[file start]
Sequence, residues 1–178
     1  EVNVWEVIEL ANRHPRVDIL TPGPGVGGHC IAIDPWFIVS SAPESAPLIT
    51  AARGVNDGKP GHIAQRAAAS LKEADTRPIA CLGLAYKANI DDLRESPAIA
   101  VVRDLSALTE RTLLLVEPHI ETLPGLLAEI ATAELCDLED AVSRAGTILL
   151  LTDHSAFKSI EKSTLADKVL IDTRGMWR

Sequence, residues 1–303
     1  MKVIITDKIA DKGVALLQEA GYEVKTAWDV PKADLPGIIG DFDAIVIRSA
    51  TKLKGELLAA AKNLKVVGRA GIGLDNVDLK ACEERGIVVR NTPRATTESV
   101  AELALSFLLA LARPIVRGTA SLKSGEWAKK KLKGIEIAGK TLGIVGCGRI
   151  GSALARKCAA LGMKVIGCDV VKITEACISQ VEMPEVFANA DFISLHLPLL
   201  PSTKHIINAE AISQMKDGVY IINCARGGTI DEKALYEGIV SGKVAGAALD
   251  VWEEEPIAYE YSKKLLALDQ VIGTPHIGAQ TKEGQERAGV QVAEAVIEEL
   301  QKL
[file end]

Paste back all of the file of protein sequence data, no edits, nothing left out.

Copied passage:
Sequence, residues 1–178
     1  EVNVWEVIEL ANRHPRVDIL TPGPGVGGHC IAIDPWFIVS SAPESAPLIT
    51  AARGVNDGKP GHIAQRAAAS LKEADTRPIA CLGLAYKANI DDLRESPAIA
   101  VVRDLSALTE RTLLLVEPHI ETLPGLLAEI ATAELCDLED AVSRAGTILL
   151  LTDHSAFKSI EKSTLADKVL IDTRGMWR

Sequence, residues 1–303
     1  MKVIITDKIA DKGVALLQEA GYEVKTAWDV PKADLPGIIG DFDAIVIRSA
    51  TKLKGELLAA AKNLKVVGRA GIGLDNVDLK ACEERGIVVR NTPRATTESV
   101  AELALSFLLA LARPIVRGTA SLKSGEWAKK KLKGIEIAGK TLGIVGCGRI
   151  GSALARKCAA LGMKVIGCDV VKITEACISQ VEMPEVFANA DFISLHLPLL
   201  PSTKHIINAE AISQMKDGVY IINCARGGTI DEKALYEGIV SGKVAGAALD
   251  VWEEEPIAYE YSKKLLALDQ VIGTPHIGAQ TKEGQERAGV QVAEAVIEEL
   301  QKL